Absolutely, I find closeness, both in live performance and in cinema, to be a very effective device in its ability to focus the viewers perception. We are all wired to respond to physical intimacy and regardless of whether that proximity evokes fear or lust, it produces a heightened state of mind that is immediately woven into the experience of the work at hand. During the editing of my films I am hyper aware of this phenomenon and always manipulating the space between removed observation and haptic experience. All of the levels of touch that you mention are at play simultaneously and without hierarchy. This allows for a viewing that is at one moment immersive, another voyeuristic, but always suggesting the possibility for a shifting vantage point and relationship. 

MH:
4. After – and because of – triggering a merely haptic and material point of view, the film shows desire. Desire is often described as something that objectifies what is vis a vis to oneself. Even if an artwork by framing the desire doesn‘t, the gaze of many people objectifies nudity in a way that may blur the lines between oneself and the outside in a difficult way.    

Is the objectification of the female body a notion that matters for you within your film? How do you relate desire and image? 

BL:
When working with the human body, it’s impossible to preempt any and all objectification of it. You mentioned earlier, how upon viewing the film, that you immediately dismissed any narration of the woman or her nudity and were drawn to the disparate material elements contained within it. While I welcome your viewing and attribute it to an attentive and thoughtful gaze, I’ve never imagined that this would be the norm. In fact, I think objectification would likely be the first response for many. Then some might move on to concocting a narrative for the woman, ascribing circumstance and point-of-view, etc. I’m interested in creating films where audiences are able and encouraged to combat their own impulses and negotiate the apparent contradictions presented to them. This film features an artist in the middle of a performance. It’s a piece she created in which she chose to tie her hair to a cinderblock and bury it beneath 100 lbs of sand. This was done in the basement of a dilapidated tenement building and in front of an invited audience for a duration of 20 minutes. This is immutable. The resulting images are simply an expression of my desire to have whatever it is I experienced viewed this way or that way and I hope the film speaks for itself in this regard.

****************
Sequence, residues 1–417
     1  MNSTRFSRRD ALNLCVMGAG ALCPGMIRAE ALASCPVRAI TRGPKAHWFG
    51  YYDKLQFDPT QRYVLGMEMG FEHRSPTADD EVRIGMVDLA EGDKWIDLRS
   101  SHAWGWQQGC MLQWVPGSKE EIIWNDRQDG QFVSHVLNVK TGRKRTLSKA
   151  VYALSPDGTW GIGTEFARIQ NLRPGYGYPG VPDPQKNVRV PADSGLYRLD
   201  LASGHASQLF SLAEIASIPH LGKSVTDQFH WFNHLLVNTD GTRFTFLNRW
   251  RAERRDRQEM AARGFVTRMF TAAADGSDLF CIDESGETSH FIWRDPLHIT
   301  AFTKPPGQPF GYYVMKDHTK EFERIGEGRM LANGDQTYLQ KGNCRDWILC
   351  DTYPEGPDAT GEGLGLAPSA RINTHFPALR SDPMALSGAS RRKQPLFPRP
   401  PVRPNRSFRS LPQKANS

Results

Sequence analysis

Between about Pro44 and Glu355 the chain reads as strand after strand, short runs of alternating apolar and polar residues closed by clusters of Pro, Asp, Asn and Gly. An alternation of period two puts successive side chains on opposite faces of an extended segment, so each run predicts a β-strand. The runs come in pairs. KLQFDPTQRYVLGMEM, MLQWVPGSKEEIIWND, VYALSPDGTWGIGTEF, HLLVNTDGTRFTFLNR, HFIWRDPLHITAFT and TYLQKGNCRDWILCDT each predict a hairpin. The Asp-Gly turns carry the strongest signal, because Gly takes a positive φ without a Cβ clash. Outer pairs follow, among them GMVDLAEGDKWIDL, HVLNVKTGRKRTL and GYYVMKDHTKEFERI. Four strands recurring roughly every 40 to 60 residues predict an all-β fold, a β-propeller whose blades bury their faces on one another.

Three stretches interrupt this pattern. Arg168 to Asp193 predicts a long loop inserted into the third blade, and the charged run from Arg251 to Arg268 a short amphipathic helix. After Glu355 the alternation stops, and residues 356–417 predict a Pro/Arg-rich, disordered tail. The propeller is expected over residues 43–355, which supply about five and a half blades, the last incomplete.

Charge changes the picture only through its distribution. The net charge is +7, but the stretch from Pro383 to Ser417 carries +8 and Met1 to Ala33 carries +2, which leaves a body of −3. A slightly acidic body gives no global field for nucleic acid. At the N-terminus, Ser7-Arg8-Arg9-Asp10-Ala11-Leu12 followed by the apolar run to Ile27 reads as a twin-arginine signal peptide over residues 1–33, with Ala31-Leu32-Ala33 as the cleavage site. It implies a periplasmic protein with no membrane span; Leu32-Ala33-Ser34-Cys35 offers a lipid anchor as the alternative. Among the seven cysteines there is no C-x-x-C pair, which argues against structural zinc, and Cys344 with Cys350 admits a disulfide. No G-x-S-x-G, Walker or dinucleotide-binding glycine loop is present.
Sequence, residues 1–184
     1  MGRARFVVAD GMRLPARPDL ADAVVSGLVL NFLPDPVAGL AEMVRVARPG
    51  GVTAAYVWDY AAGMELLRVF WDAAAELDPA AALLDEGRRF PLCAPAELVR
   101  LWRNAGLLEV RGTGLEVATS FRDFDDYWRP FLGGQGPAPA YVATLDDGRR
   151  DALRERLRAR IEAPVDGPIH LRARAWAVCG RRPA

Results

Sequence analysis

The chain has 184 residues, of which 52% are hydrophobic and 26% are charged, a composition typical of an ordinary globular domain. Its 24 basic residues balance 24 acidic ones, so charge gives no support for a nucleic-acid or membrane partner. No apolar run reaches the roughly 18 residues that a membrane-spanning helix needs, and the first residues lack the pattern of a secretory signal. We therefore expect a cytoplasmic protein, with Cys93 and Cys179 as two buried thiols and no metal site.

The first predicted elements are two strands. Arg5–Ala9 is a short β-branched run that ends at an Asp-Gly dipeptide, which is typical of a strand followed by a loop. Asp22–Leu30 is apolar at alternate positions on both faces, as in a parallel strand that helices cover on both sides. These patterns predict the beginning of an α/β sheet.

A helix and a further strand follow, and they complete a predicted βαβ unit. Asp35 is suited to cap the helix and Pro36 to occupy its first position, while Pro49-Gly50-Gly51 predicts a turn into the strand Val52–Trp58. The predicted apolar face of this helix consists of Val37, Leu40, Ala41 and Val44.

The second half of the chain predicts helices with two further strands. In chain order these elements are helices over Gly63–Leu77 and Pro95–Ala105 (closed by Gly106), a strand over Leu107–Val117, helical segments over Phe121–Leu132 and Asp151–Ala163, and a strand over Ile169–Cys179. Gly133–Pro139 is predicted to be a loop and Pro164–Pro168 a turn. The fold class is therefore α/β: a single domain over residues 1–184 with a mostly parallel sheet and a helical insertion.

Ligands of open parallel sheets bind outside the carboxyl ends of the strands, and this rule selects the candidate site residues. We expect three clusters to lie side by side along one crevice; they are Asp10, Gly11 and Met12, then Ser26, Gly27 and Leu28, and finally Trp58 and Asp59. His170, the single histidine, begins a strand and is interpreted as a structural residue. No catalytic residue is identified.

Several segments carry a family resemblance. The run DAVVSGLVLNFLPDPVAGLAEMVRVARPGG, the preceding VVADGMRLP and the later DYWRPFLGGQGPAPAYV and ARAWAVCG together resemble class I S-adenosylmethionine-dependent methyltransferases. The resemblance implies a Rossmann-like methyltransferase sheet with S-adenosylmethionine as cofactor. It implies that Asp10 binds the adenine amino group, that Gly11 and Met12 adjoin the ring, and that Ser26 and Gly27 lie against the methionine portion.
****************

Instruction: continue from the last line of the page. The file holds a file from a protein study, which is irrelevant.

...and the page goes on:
Brock von Drehle Labrenz, born 1980 in Catawba county, is a director who harnesses his extensive background in performance to create deliberate and sensual audio-visual experiences. His creative endeavors find him somewhere between the exactitude of modern cinema and the ephemeral transition of the body through space. Brock has persistently searched for ways to bring the audience closer to the experience of the performer and their onscreen choices, in an effort to share the singularity of a given moment.  His career has taken him across the globe and his work has been presented and performed at the Venice Biennale, the Whitney Museum of American Art, the Brooklyn Academy of Music, the Theatre National De Chaillot, and Sadler’s Wells Theatre. Brock has a Bachelor of Fine Arts degree from The Juilliard School (‘03).